Los Angeles

Tom Knechtel

Grant Selwyn Fine Art

Tom Knechtel knows how to load up a picture, but he also knows how to pare it down, and in cobbling together the intricate, ornate, and flamboyant, as well as the loose, minimal, and austere, the artist produces what ought to be visual train wrecks but instead are carnivalesque ballets, apparently choreographed on the fly. His latest offering included an elegant collection of reductive drawings punctuated by oil paintings modest in scale but grand and complex in story.

Knechtel samples Italian quattrocento, Renaissance, Mannerist, and Baroque painting; the more fantastic Northern European religious art; Victorian illustration; Indian miniatures; medieval illuminations; Asian landscapes, maps, and calligraphy; Rococo flourishes, naturalist illustration, and animal caricature; Color Field and push-pull formalism, with an occasional sip of Pop. The result reads as a celebration of painting and drawing’s traditions, the modes of representation and their varied connotations available for the artist to employ in his densely barnacled, open-ended narratives. Like the pictures themselves, Knechtel’s cast is an odd, ragtag bunch who don’t seem like they should be as elegant as they are. The characters are generally men or animals or plants—or all of the above. A robust fellow in A Mare’s Nest, 2000, becomes queen, clown, and martyr, done up in an elaborate wig/halo and ruffled “collar,” a collage of Lilliputian architectural renderings, corporate logos, flora and fauna, and the intertwined limbs of tiny wrestlers and bodybuilders. The figure’s shoulders are equipped with sideview mirrors for hindsight, vanity, or perhaps simply self-reflection, and his formal skirt is peeled open to reveal its hidden support structure as well as his anatomical correctness, while a cup in his hand runs over with an acid-green liquid pouring down on him from a tipped urn in a vignette above. In The Gaudy Presence,1999–2000, meanwhile, an ugly red flatfish rendered in lovely gestural brushwork splits in half to spill a full-color inner world that is at once gross and engrossingly beautiful. Map, 1998-99, a vertical composition horizontally bisected, splits the world into above and below, heavenly and terrestrial, night and day, cold and warm, as a band of barnyard animals prances and dances along the border.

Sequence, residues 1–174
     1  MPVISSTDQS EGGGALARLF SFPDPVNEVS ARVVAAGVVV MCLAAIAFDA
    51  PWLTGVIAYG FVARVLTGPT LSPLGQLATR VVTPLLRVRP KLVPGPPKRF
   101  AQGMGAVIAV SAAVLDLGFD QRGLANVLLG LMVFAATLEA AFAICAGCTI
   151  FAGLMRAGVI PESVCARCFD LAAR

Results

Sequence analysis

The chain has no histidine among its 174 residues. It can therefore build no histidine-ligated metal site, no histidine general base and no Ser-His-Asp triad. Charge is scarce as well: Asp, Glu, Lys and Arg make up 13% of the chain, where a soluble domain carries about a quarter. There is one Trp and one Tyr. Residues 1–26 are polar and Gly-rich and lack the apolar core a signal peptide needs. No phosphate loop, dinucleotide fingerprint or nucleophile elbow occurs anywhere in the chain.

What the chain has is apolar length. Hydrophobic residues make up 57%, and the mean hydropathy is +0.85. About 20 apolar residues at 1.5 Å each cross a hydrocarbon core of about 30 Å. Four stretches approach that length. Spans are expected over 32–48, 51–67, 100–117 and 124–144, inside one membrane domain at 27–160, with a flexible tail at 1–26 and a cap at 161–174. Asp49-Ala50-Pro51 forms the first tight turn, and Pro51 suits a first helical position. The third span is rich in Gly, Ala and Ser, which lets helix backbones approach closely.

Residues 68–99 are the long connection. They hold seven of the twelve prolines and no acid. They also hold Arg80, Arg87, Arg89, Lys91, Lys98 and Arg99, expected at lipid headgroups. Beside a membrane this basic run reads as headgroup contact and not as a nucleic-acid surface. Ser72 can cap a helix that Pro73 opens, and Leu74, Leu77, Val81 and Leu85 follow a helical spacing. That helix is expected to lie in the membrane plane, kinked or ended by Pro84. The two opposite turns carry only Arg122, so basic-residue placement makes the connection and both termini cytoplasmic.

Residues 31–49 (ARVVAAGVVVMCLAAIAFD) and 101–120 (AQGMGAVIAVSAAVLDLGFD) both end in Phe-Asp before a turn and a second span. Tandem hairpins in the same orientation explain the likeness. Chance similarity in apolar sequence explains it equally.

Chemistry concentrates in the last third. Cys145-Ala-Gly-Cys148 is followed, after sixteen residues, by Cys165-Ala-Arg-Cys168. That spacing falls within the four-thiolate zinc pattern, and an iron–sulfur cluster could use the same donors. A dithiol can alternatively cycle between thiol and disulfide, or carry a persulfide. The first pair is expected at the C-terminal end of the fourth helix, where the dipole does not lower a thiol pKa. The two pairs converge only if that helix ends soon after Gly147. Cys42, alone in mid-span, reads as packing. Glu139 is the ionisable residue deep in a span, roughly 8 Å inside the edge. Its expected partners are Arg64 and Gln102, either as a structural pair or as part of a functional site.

There’s a lot of sex, or at least sexuality in these works, delivered with an often comical candor, and shades of homoeroticism abound. But in Knechtel’s works, sex, fancy, and fantasy, even when suggesting the hot and heavy, tend to be curiously modest conveyors of a whole range of experience and feeling: rapture, disappointment, desire, confusion, shame, terror, transformation,revelation, indulgence, restraint. Despite the occasional hint of the classical ideal or the grand pageantry of nature, no one here is too pretty; the critters, often culled from the less glamorous comers of the animal kingdom (goats, chickens, crows, bottom-feeding fish), tend to be scrappy, while the humans are consistent only in their deviation from norms of beauty, grace, and perfection (middle-aged, pudgy, oddly proportioned and seemingly exposed, more naked than nude). Though it’s an admittedly goofy reach, Knechtel’s players-caught in private moments, letting it all hang out-remind me of Degas’s dancers, caught dressing, preening, practicing, stretching, or seen from offstage rather than front and center. As with Degas, it is hard to tell at times whether Knechtel is giving his figures the kindest cut, but he does seem at least to search for, and reveal, a kind of human honesty.

Christopher Miles